This Kawasaki KZ750 (twin) cafe racer looks like it was built by a professional shop, complete with years of experience and a wealth of tools and a near limitless budget.
It was not.
This bike, incredibly, is the first motorcycle restoration attempt by garage-builder Shad Alexander of Hartselle, Alabama. He did every bit of work himself, from shaping the fiberglass underbelly and fender to truing and lacing his own rims–a skill he learned for this project. He and his father even built a paint booth in the garage.
The bike went on to win the “People’s Choice” award at Ace Corner during the 12th Annual Barber Vintage Fest, Talk about auspicious beginnings! Below, Shad gives us the full story on this staggering, sexy-as-hell KZ.
Kawasaki KZ750 Cafe Racer: In the Builder’s Words
(Words by Shad Alexander. Highlights by us.)
My name is Shad Alexander, 44 years old years old and live in from Hartselle, Alabama. This build was my first attempt at restoring a motorcycle–also the first time I have every owned a vintage bike.
I had no idea what kind of bike I wanted, so i bought the first bike I found that a local bike shop had. The customer had a shop bill for $280 and never came back to pick it up, so the shop owner let me have it for $280. This bike was missing several key parts and was not running or even close to being street worthy. If I had known how hard it would be to find 750 twin parts, I would not have bought this bike.
I’m a huge MotoGP and Superbike racing fan, so I new I wanted to build a bike that had an aggressive stance with a mono shock, disc brakes all the way around and some kind of underbelly like the vintage race bikes. I bought this bike in December and i figured i could get it finished in 6 months and be ready for summer riding. Boy was i wrong, it ended up taking me 14 months to complete.
I did every bit of work to the bike myself. Some of the custom pieces I built are: flush mount gas cap, dash, battery box, exhaust headers, fiberglass rear fender, fiberglass underbelly, rear seat supports, tail section, rear set mounts, mono shock mounts, kickstand and spring, trimmed and lowered front fender and rear brake support.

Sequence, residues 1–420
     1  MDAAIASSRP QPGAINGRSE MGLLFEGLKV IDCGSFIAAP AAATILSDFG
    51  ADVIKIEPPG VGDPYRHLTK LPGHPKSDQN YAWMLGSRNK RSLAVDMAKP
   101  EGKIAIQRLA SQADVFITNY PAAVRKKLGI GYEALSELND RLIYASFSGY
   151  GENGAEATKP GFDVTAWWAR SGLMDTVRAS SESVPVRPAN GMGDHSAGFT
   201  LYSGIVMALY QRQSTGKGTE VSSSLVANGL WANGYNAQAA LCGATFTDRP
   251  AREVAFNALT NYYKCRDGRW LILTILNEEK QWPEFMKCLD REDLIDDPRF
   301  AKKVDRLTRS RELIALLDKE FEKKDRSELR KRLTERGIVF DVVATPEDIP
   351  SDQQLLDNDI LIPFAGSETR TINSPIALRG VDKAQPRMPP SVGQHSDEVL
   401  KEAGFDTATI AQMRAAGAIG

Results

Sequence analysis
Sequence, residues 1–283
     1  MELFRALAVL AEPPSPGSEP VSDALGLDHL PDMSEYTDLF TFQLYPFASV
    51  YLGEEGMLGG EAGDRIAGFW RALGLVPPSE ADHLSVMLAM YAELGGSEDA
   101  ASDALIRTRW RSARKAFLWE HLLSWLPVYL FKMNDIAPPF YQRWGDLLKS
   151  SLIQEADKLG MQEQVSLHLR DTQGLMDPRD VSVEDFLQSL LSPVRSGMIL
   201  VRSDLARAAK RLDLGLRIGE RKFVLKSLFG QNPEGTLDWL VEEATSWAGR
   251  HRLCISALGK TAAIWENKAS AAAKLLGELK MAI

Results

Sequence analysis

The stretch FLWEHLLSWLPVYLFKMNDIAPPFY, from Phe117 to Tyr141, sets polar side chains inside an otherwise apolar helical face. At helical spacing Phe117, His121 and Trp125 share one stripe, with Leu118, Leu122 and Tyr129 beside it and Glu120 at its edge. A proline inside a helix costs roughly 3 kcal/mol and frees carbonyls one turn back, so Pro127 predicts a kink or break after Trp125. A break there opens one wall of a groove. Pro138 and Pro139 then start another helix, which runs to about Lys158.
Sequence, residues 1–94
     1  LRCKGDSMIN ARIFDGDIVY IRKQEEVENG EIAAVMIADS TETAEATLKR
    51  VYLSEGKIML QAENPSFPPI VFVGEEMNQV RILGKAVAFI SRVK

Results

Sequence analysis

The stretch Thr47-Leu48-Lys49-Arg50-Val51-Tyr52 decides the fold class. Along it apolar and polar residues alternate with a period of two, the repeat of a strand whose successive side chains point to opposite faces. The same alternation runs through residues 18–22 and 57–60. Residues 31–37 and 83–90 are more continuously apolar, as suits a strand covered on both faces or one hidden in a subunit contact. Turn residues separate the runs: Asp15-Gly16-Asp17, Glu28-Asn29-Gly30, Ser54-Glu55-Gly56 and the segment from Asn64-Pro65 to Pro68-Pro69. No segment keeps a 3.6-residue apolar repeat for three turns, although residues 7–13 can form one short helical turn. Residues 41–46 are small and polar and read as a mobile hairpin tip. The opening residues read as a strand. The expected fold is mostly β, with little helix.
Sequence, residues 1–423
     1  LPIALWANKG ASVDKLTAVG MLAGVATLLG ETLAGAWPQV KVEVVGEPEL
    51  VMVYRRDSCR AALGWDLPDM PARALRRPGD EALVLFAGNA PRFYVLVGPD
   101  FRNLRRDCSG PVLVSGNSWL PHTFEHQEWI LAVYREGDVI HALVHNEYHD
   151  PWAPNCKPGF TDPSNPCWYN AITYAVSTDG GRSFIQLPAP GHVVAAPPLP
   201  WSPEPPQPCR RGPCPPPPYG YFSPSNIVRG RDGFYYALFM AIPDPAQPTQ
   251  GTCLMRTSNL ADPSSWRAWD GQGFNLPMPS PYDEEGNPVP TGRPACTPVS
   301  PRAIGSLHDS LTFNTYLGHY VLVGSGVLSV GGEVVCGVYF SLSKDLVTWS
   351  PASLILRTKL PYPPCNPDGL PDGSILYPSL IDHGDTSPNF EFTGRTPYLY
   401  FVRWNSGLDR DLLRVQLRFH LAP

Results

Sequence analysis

The most challenging part of the build was making the underbelly. The underbelly I made from scratch out of fiberglass and it took me 6 weeks to complete. I couldn’t find a rear fender that fit as snug as i wanted so i built that out of fiberglass also; the fender is slotted so i can slide it with the tire when I adjust the chain.
To get the stance I wanted, I had to lower the front of the gas tank 3/4″ and I raised the rear of the tank 3″ and then built the rear tail section off of that line. I did a complete rebuild on the motor, honed the cylinders and put new rings in, valve job, new bearings and new gasket kit.
The bike came with a single front disc and a drum on the rear and spoke wheels. I converted it over to disc all the way around, drilled out the 3 rotors that where solid. I changed to 36 wire spoke wheels using hubs from a KZ650 and had all new bearings installed. I bought a wheel truing stand and learned to lace, true and balance my own rims. All 3 calipers I rebuilt with new pistons and new seal kits and I had custom stainless steel brake lines made.
Carburetors were rebuilt with new carb kits and re-jetted for the new Cone Engineering exhaust mufflers and K&N pod filters. The electrical system is a complete rebuild with all new components, including all new wiring, coil, Motogadget M-Unit and an Anti-Gravity lithium battery. The rear shock is off a 2013 Kawasaki ZX10R with a new RaceTec spring; rear sets and rear master cylinder is off a 2006 Yamaha R6 with custom built linkage and the front master cylinder is off a 2013 Suzuki GSXR 600. Handlebar controls/switches are Motogadget mini’s.
The motor was vapor honed and I painted it with VHT Satin black and oven-baked; fins were hand-sanded. I bought a 1 HP buffer from Eastwood and learned to polish aluminum. I buffed all the side covers, kickstand, kick starter and every bolt and nut. I did all the body work and paint, l filled in all the welds on the frame and sanded them smooth.
My Dad and I built a paint booth in a stall of his garage and i painted every part, frame, tank and fenders. All the black paint is high gloss enamel and all the Red is base coat, clear coat. Red is from a 2016 Porsche 911. My first time wet sanding clear coat, I had to redo a few parts a couple of times, but eventually it turned out perfect.
All in all, i did every bit of the work myself. The bike handles surprising great, very light and nimble. The motor has enough torque to make it fun to rip up and down the road and do a TON. I recently took the bike to the 12th Annual Barber’s Vintage Bike Festival in Birmingham, Alabama and enter my bike in the Ace Cafe bike show and won “The Peoples Choice” Award. I learned a lot and now I’m looking forward to building a few more bikes.
Follow Shad on Instagram (@salex13.sa) for future builds, including his forthcoming CX500!